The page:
The Eybler Quartet: The New Guard
Joseph Leopold Edler von Eybler (1765-1846) was a friend of Mozart (1756-1791). The two composers met through a third, Franz Joseph Haydn (1732-1809) (some circle of friends that must have been!) Eybler was notable for having been asked by Constanze Mozart after Mozart's death in 1791 to complete the composer's unfinished Requiem. Eybler gave it the old college try, but ultimately abandoned the project, allegedly out of respect for Mozart and his gift, leaving the job ultimately to Franz Xavier Sussmayr (1766-1803), who used heavily what Eybler had composed for the project.
Musically, Eybler is largely remembered for his sacred music, chamber string music and a clarinet concerto. Regarding the latter, Eybler, Mozart and Sussmayr were all accomplished clarinet composers among a very talented late 18th century group devoted to the then evolving instrument. For the present consideration, the clarinet is of central focus in the second of these two recordings, both made by the relatively young, though well-studied Eybler Quartet, named in honor of the composer and dedicated to the Classical music developed by Haydn, perfected by Mozart and laid waste by Beethoven.
The Eybler Quartet was founded in 2004 by members of the Toronto-based Tafelmusik Baroque Orchestra: violinists Julia Wedman and Aisslinn Nosky, violist Patrick G. Gordon and cellist Margaret Gay. Wedman and Nosky are also members of the Kirkby Quartet and the Baroque ensemble, I Furiosi, whose recordings, Defiled Is My (Middle) Name (Self Produced, 2005) and Crazy (Sono Limnus, 2008) were well received, as was Wedman's Biber Mystery Sonatas (Sono Limnus, 2011).
Joseph Leopold EyblerString Quartets, Op. 1, no. 1-3
Not a total surprise, the Eybler Quartet's debut recording is of Eybler's String Quartets, Op. 1, nos. 1-3. What is a surprise is that this is the premiere recording of these quartets. Eybler composed nine formal quartets and one set of variations for string quartet. This is a modest output when compared to Haydn's 68, Mozart's 23 and Beethoven's 16 string quartets. But ten is a manageable number and, as fine as this recording is, a complete set of Eybler Quartets would he appreciated.
Eybler proves a more than capable string quartet composer who sounds more daring than Haydn but lacking Mozart's refined perfection. The C minor quartet begins with a darkly promising Allegro that retains its center of gravity in the concluding Finale Allegro movement. The D major quartet, while in a bright key, is shaded in its opening Adagio non molto/Allegro moderato that resolves into an urban dance. The Menuetto extends this dance motif, which is stretched as the Adagio cantabile is performed. The final Thema is most Haydn-like in personality, wrapping the quartet as if a bow.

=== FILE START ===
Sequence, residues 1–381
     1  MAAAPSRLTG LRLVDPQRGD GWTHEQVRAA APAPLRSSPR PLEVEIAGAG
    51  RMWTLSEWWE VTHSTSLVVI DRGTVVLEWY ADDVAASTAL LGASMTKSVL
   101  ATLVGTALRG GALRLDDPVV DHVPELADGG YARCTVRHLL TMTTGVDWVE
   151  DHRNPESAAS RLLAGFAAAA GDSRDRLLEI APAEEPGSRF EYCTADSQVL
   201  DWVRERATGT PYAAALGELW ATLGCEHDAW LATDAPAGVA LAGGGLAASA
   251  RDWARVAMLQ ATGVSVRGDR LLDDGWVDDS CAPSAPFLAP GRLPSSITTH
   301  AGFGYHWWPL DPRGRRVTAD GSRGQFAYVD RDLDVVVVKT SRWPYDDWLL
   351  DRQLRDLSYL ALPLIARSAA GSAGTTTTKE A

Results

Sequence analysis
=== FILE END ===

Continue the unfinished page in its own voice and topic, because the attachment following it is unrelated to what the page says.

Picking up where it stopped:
The B-flat major Quartet is the most pastoral of the compositions and the most rigorously "classical." Its restrained brightness is polite. The Adagio is of requiem quality: thoughtful and intentional. The closing Finale Vivance is equally well-behaved with the rest of the quartet, conservative, never coloring outside the lines. Eybler sounds like a bridge between Haydn to Mozart. What better place is there to be?
Eybler Quartet and Jane Booth
Backofen & Mozart
Ebyler, Mozart and other 18th century European composers were part of a clarinet mafia, composing early masterpieces for the relatively new instrument, with a blurring between the basset horn, basset clarinet and modern clarinet. The difference between the basset clarinet and modern clarinet is that the former had a lower range down to low C rather than the latter's low E.
Among all of the period's composers for clarinet, Mozart is the most well considered with his late compositions, Clarinet Concerto in A Major, K622, and Quintet in A Major for Bassett Clarinet, K581, both composed for Anton Stadler, who favored the bassett clarinet and its lower range. It is this quintet that closes the second Eybler Quartet offering, with Jane Booth playing the basset clarinet.
Similar in character and structure to the Clarinet Concerto, the Quintet is a model of Mozartian efficiency and emotion. Booth's tone is creamy without being effusive. Modulation is supreme, melding with the top-notch support of the quartet. Mozart could conceive a peerless sweetness in his slow movements, with the Quintet's Larghetto being a superb example. Booth finds that special place where an ailing Mozart took place in his composing in the last two years of his life. Predating his concerto by two years, Mozart was finding that same place Beethoven would be a generation later.